NYPD Can't Find Rules For Its Special 'Secret' Stamp

NEW YORK, NY - FEBRUARY 27:  New York Police Department (NYPD) Commissioner Bill Bratton speaks to NYPD officers of the 25th
NEW YORK, NY - FEBRUARY 27: New York Police Department (NYPD) Commissioner Bill Bratton speaks to NYPD officers of the 25th Precinct, 3rd Platoon during their roll call on February 27, 2014 in New York City. Mayor Bill DeBlasio and Commissioner Bratton spoke to the officers after an officer was shot in the leg in the Crown Heights neighborhood of Brooklyn, yesterday. (Photo by Andrew Burton/Getty Images)

NEW YORK -- The New York City Police Department has been stamping documents "secret." But the department claims it has no information about what the mark means, or about the number of "secret" documents in its possession.

In a response sent in late May to HuffPost's public records request, the police department said it could find no guidelines for its mysterious "NYPD Secret" marking, which appears on many of the records connected to its Muslim surveillance program.

The Huffington Post also asked the NYPD to say how many of its records are actually classified "NYPD Secret," and whether the mark prevents documents from being released under the state Freedom of Information Law. The response to all the queries was the same: The department was "unable to locate records responsive to your request based on the information provided."

The NYPD's Freedom of Information Law Unit gave a nearly identical response to a similar request for classification guidelines made by the transparency website Muckrock.

HuffPost is appealing the search's completeness. But if the NYPD's answer stands, it appears the police department may not have any rules for its special "secret" marking -- which would confirm departmental critics' worst fears about the classification system.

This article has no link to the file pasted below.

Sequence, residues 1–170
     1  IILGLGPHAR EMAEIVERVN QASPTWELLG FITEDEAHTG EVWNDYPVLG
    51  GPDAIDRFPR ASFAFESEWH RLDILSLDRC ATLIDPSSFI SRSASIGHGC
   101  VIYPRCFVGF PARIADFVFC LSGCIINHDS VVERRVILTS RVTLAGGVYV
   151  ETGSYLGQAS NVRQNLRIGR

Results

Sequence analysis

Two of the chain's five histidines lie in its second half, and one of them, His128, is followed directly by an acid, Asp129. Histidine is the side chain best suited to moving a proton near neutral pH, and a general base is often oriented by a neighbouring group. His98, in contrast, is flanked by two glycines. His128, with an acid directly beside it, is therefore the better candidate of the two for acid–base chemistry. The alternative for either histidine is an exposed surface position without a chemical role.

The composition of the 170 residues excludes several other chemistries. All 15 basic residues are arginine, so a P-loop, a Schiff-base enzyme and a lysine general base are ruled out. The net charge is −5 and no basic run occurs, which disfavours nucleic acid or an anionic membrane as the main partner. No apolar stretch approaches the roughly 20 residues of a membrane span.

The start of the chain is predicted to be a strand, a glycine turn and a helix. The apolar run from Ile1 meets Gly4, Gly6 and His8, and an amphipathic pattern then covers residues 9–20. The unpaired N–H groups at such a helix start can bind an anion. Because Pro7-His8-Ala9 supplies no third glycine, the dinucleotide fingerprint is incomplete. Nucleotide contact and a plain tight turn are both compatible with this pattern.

Federal law enforcement agencies like the FBI rely on a wide range of legal authorities to classify and protect sensitive documents. The bureau consults a presidential executive order, the Code of Federal Regulations, the FBI National Security Information Security Classification Guide, the FBI Automatic Declassification Guide, a federal law about mishandled classified documents, and the Espionage Act of 1917.

By contrast, the NYPD appears to rely on nothing of the sort. Or at least it can't find its guidelines.

The department's press office did not respond to repeated requests for comment, so it is unclear whether the practice of marking documents as "secret" has continued under new Commissioner William Bratton since the departure of former head Raymond Kelly.

Bratton has promised a new era of transparency at the NYPD, stating in February that "there should be no secrets in the NYPD."

Experts interviewed by HuffPost in September said the classification system was another sign that the department's Intelligence Division operated like a mini-CIA under its former head David Cohen, a veteran of that federal agency.



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